A successful farming endeavour is one of the most complex economic activities, as success depends on a list of factors so vast that a complete list cannot even be attempted by putting pen to paper. This list includes everything from soil preparation to harvesting practices, it will depend on important decisions the farmer and the experts he consults will make, but it will also depend on many factors beyond the farmer’s control.
One of the many decisions to be made, is selecting the irrigation method and approach, and consequently selecting the products to be installed in the orchard, vineyard, greenhouse, or field. After the long list of variables has been considered and drip irrigation was selected as the optimal irrigation system for the circumstances, another long list of choices must be made regarding the configuration of the system.
Throughout all of this it is crucial to rely on experts to guide informed decision-making, but also to keep yourself informed to a level sufficient to guide you through the process.
Understanding Dripper Data
When technical dripper data is shared, we are confronted by terms that describe certain engineering features. These features determine how well a dripper does its job. On the farm, success depends on the dripper’s ability to deliver a supply of water that never varies. This in turn depends on the dripper’s ability to stay clean. Dripper clogging must be prevented at all costs, as it is very difficult to return flow once a dripper has clogged. Clogging prevention depends on dripper design and quality, as well on efficient maintenance once it is in action.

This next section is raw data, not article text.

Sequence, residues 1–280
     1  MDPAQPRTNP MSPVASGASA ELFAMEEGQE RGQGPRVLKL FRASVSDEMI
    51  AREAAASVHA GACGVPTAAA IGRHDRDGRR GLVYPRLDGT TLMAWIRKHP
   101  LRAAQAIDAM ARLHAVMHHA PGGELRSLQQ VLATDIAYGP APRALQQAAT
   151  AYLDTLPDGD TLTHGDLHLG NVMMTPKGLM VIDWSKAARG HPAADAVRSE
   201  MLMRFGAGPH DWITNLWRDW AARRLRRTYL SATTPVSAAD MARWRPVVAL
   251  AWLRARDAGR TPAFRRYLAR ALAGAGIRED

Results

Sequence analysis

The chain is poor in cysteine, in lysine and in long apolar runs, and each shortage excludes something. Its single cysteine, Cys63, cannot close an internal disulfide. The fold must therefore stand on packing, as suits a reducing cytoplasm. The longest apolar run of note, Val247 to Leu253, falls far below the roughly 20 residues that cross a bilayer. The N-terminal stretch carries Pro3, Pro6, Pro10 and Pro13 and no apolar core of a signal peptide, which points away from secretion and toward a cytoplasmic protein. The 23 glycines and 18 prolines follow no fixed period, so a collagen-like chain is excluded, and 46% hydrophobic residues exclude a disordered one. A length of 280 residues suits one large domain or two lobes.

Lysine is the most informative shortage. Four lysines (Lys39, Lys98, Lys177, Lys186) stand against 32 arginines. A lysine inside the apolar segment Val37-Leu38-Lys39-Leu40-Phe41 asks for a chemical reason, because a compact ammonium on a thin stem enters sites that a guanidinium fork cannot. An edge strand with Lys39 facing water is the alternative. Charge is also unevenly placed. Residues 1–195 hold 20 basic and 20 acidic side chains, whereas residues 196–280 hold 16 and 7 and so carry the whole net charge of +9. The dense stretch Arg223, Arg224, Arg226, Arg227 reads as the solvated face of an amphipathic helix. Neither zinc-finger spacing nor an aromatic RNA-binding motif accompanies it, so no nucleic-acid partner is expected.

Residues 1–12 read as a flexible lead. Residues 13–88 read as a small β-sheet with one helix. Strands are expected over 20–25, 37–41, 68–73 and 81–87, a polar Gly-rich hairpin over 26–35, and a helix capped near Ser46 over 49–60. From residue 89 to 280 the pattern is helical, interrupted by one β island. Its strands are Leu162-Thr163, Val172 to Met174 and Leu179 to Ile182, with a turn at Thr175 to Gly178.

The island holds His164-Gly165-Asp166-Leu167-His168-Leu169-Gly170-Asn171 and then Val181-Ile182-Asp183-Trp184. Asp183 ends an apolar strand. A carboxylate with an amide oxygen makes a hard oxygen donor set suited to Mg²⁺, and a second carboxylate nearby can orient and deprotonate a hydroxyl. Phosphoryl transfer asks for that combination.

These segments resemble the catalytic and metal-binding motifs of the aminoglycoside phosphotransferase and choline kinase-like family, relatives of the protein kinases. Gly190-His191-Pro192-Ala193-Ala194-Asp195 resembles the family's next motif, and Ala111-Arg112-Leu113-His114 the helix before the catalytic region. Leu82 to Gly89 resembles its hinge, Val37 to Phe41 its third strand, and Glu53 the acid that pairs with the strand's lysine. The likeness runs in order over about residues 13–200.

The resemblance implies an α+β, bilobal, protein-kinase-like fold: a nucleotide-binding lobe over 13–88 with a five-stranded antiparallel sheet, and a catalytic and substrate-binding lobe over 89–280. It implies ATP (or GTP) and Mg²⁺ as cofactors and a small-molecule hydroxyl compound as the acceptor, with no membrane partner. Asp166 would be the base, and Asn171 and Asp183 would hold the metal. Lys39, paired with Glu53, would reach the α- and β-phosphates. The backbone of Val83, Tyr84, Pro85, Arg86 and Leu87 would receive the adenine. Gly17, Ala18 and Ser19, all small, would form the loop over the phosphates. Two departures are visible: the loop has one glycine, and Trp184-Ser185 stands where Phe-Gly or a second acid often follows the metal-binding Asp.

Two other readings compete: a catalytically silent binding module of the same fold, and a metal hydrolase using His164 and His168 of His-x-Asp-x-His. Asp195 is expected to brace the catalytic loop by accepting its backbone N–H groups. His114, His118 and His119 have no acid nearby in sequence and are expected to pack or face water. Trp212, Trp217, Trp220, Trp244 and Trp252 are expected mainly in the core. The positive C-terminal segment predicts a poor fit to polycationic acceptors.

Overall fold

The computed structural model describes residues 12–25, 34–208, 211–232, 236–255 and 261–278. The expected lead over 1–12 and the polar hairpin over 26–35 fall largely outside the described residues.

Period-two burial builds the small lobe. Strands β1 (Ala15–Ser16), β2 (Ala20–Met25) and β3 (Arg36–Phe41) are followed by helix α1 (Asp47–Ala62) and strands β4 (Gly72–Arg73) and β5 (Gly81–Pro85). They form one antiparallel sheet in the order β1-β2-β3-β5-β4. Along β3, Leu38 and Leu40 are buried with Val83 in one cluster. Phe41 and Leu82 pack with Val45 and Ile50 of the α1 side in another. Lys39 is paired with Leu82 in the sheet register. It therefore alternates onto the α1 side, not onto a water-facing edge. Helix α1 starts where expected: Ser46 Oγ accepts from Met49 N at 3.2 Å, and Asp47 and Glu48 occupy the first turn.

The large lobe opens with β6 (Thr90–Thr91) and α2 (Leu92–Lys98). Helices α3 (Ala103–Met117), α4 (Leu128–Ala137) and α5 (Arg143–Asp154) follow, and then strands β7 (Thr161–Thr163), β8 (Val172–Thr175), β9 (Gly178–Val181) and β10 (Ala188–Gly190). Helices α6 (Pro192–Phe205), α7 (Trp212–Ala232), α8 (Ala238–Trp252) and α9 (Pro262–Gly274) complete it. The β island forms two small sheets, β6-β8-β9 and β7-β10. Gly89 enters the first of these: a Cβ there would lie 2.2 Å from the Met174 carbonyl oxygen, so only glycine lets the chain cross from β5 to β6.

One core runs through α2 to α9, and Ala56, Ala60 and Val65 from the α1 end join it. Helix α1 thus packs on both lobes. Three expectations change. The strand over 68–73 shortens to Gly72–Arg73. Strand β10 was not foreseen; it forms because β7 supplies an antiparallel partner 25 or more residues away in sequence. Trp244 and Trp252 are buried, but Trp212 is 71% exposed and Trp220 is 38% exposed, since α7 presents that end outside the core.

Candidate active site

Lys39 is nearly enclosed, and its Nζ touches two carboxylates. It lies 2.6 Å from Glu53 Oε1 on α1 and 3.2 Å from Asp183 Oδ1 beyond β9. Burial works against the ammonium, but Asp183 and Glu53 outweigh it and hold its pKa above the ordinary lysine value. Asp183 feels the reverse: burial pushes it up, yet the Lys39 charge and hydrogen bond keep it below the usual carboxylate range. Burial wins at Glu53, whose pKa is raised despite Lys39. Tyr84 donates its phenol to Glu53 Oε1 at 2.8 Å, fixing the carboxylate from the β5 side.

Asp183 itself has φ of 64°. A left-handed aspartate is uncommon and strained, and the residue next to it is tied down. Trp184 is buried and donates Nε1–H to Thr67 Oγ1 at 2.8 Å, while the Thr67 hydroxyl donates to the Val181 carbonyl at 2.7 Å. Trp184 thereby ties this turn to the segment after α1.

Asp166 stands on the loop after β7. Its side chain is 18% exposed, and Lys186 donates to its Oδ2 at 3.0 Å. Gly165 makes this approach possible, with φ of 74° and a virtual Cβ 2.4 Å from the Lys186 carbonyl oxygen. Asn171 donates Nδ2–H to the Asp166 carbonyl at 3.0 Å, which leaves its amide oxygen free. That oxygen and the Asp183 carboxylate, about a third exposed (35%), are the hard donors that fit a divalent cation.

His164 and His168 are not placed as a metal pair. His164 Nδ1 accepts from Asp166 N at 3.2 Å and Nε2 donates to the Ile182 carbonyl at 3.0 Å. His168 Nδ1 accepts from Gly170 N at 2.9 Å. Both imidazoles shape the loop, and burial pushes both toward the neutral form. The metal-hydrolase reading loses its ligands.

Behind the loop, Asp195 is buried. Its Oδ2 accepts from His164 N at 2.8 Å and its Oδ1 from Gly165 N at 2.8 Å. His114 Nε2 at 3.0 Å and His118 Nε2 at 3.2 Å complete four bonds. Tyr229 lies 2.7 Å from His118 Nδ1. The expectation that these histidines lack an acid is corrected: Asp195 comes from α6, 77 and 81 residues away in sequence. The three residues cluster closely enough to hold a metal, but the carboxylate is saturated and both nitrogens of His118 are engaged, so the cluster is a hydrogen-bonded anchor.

The dripper’s ability to stay clean, depends on turbulence. In fact, one of the most important additions to drippers as dripper design evolved, was the addition of teeth to the flow path to create turbulent flow.
This made a massive contribution to clogging resistance as particles are kept in suspension through the turbulence created.
What you need to know
A typical dripper needs to reduce its inlet pressure from 1 bar to 0 bar and get 1 ℓ/h through it. A complicated mathematical equation explains the pressure difference from the inlet of the dripper flow path to the outlet. All we however need to understand is that the pressure difference comprises two aspects: Turbulence (Measured as a Turbulence Coefficient) and friction loss (Measured by Filtration Area).
Pressure loss = turbulence + friction loss
It is important to understand the interaction between these two aspects. The less turbulence the dripper can create, the more it must resort to friction loss to create the necessary pressure loss. Friction loss does not contribute to keeping a dripper clean, but the more turbulence, and the higher the turbulence coefficient, the better the dripper is at keeping clean.
K: Turbulence coefficient – The higher the better
A higher turbulence coefficient translates to a more turbulent flow path in the dripper. This in turn translates to lower clogging risk. The dripper will be better at keeping itself clean. This value depends on labyrinth depth, width, length (number of teeth), as well as design and manufacturing excellence.